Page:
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More than two months after the chief executive of Jackson Health System promised an “aggressive internal investigation” into the unauthorized release of the medical chart for New York Giants pass rusher Jason Pierre-Paul — a possible violation of federal privacy laws — hospital officials have yet to explain how the breach occurred, who was responsible for the leak or what they are doing to prevent such incidents in the future.
In a spectacular failure of a “back door” designed to give law enforcement exclusive access to private places, hackers have made the “master keys” for Transportation Security Administration-recognized luggage locks available to anyone with a 3D printer.
The TSA-recognized luggage locks were a much-vaunted solution to a post-9/11 conundrum: how to let people lock their luggage, on the one hand, but let the TSA inspect it without resorting to bolt cutters, on the other.
When the locks were first introduced in 2003, TSA official Ken Lauterstein described them as part of the agency’s efforts to develop “practical solutions that contribute toward our goal of providing world-class security and world-class customer service.”
Now that they’ve been hacked, however, TSA says it doesn’t really care one way or another.
The Japanese Diet passed amendments to the Personal Information Protection Act on September 3, 2015, which will become effective within the next two years. While further details will be revealed in upcoming implementing regulations, several major changes, which are summarized below, are clear from the text of the statute. Companies doing business in Japan should take a close look at their privacy policies and personal data procedures in preparation for these changes.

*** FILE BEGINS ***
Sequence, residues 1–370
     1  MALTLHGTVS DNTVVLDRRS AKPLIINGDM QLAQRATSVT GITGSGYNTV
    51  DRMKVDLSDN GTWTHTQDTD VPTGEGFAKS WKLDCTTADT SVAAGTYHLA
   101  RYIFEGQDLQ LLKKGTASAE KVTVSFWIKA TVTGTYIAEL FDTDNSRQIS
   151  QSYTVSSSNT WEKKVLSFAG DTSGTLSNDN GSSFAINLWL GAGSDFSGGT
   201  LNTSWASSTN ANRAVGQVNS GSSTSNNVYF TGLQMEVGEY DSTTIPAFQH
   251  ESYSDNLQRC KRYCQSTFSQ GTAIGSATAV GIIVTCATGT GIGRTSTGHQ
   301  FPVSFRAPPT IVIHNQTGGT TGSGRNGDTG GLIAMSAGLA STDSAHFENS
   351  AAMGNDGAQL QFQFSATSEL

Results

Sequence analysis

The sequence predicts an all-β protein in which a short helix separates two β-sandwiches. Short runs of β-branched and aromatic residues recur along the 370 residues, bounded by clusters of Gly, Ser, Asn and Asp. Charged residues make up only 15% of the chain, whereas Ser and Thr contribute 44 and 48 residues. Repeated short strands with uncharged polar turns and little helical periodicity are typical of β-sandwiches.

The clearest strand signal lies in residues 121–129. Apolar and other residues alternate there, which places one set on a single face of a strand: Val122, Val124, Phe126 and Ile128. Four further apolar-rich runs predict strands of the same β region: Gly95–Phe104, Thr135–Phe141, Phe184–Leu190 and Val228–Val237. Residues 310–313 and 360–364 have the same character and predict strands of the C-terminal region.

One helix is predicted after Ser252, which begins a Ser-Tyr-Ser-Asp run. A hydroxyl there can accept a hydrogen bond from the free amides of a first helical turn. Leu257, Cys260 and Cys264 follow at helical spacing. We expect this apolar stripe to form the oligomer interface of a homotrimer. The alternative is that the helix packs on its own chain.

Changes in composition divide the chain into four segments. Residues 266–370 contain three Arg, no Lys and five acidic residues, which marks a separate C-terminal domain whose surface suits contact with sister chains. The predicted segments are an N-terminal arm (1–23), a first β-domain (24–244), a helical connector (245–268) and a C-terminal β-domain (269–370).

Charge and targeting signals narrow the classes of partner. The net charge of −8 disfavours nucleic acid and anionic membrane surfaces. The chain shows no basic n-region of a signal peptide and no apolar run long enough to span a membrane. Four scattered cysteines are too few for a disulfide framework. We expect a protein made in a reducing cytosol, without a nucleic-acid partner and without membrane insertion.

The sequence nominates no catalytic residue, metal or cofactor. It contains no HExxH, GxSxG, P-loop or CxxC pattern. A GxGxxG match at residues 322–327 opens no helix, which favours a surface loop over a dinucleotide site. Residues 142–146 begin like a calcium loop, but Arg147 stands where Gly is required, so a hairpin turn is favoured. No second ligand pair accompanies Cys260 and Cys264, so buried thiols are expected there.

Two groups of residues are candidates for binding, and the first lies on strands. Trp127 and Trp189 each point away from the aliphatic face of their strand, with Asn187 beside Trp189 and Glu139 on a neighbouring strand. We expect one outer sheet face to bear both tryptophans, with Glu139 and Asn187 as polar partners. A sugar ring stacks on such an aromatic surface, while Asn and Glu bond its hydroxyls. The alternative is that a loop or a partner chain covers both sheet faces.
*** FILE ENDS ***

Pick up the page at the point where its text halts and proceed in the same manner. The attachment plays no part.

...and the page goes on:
More leeway to disclose anonymous data
“Anonymized” personal data – stripped of personal identifiers such as names and dates of birth – may now be transferred to third parties, including companies who would use the data for marketing purposes, without the subject’s consent. The disclosure must still be reported to the “Personal Information Protection Committee” (discussed further below), and must also be publicly announced. This is one of the few “pro-business” changes in the amendment, and will allow companies to use and sell “big data” about their customers, which was previously a gray area in Japanese data privacy law.